In parallel, it highlights the social and economic context that the local workshops evolved in.

The Chios Mastic Museum

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Credit: The Chios Mastic Museum

The Chios Mastic Museum is located in the Mastichochoria (literally: mastic villages), a group of medieval villages in Southern Chios, the only site in the Mediterranean where the mastic tree, or Pistacia lentiscus, grows.

The Chios Mastic Museum aims to showcase the production history of the mastic tree’s cultivation and the processing of its resin, which it integrates into the cultural landscape of Chios.

Through the prism of UNESCO’s inclusion of traditional mastic cultivation on its Representative List of the Intangible Cultural Heritage of Humanity in 2014, emphasis is given to the diachronicity and sustainability of this product of Chios.

The Museum of Industrial Olive-Oil Production of Lesvos

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Credit: The Museum of Industrial Olive-Oil Production of Lesvos

This museum showcases the industrial phase of olive oil production in Greece.

It focuses on the changes brought about by the introduction of mechanical motion on the process of olive oil production and approaches the contribution of the region’s inhabitants to the production process with sensitivity.

Its objective is to showcase our industrial heritage in the sector of olive oil production and incorporate it into the broader architectural, social and cultural context of the period.

Visitors will familiarize themselves with the basic stages of olive-oil production: crushing the olives, compressing the olive pulp and separating the olive oil from the water.

They will also see the flourmill, which functioned in a complementary manner during the summer months when the olive press was out of use.

The Silk Museum in Soufli

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Credit:Silk Museum in Soufli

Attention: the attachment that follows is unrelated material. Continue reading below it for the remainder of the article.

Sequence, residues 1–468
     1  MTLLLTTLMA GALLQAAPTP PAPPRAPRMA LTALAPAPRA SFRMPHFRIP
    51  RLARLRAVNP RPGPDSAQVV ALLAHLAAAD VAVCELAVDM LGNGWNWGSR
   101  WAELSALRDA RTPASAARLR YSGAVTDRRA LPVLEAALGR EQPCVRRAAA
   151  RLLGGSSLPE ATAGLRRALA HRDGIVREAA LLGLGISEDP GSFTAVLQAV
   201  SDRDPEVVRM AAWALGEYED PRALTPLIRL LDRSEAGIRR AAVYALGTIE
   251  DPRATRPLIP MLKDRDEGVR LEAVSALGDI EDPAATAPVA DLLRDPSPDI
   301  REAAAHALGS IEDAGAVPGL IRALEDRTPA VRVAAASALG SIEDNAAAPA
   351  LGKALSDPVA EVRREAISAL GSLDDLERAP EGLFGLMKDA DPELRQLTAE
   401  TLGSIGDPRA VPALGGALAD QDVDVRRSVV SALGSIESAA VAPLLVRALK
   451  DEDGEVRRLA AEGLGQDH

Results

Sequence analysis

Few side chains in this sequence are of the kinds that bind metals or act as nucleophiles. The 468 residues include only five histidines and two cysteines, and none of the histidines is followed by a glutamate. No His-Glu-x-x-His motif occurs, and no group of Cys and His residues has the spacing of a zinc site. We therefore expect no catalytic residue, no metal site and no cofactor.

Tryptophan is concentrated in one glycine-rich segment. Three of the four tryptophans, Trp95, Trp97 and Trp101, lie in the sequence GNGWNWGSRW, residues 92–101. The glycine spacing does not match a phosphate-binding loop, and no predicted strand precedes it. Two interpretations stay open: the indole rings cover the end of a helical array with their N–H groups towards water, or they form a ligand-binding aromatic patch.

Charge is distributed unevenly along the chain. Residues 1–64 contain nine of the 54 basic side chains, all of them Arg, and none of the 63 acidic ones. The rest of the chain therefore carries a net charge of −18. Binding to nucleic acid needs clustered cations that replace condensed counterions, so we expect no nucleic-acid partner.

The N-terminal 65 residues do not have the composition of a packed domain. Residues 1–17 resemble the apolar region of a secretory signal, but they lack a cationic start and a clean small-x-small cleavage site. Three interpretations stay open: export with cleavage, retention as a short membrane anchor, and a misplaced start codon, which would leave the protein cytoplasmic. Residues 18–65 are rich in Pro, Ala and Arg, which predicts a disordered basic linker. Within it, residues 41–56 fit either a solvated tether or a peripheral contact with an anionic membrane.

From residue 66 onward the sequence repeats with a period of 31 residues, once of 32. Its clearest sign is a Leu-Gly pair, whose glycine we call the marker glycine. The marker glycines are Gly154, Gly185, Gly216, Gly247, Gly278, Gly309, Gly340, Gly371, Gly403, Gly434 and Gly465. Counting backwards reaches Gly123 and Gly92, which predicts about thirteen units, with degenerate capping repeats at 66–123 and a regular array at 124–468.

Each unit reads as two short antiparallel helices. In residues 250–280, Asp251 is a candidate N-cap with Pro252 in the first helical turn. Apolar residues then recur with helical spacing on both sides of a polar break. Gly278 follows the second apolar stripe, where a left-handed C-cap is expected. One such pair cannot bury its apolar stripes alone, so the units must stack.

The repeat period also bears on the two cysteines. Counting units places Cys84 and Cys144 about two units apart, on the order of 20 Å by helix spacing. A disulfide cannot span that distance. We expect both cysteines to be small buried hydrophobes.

The Silk Museum presents the different phases of sericulture, or silk farming, and silk manufacturing in detail and focuses on how the town of Soufli, in Evros, became a major silk-producing center in the late 19th through to the mid-20th century.

At the museum, visitors will learn about all the details from each phase composing the cycle of sericulture and discover the stages of silk manufacturing through authentic exhibits, supported by audiovisual material.

The Rooftile and Brickworks Museum in Volos

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Credit: The Rooftile and Brickworks Museum in Volos

The Rooftile & Brickworks Museum is housed in a historic factory in Volos built in 1926 by Nikolaos and Spyridon Tsalapatas.

The massive complex, which covers approximately 5.44 acres, was one of the largest factories of its kind while active.

Displaying both the process and history of brick-making, an important product in the region, and the daily life of workmen who were employed at the factory, the Rooftile & Brickworks Museum provides a unique view into the history of Greek industry.

The factory remained empty after it closed in 1978, until it was purchased by the city of Volos in 1995.

The Piraeus Bank Foundation took over restoration work on the factory, converting it into an interactive, innovative museum, which was completed in 2006.

The Silversmithing Museum in Ioannina

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This museum is located in the castle of Ioannina, more specifically in the western fort of the northeastern acropolis.

It occupies the fort’s two levels, as well as the adjacent building with the old cookhouses.

Its objective is to preserve our knowledge of Epirote silversmithing and to disseminate information about its technology to the wider public.

The museum also aims to tie in this technology to the social context of the period during which it developed and flourished.

As a thematic museum, it concerns the technology of silversmithing during the pre-industrial period, while simultaneously being a regional museum as well, as it focuses principally on the history of silversmithing in the region of Epirus.

Temporally, the exhibition refers essentially to the post-Byzantine period, from the 15th century onward, but without excluding references to the more distant past, given that the technology used to produce silver objects dates back to much older periods of time.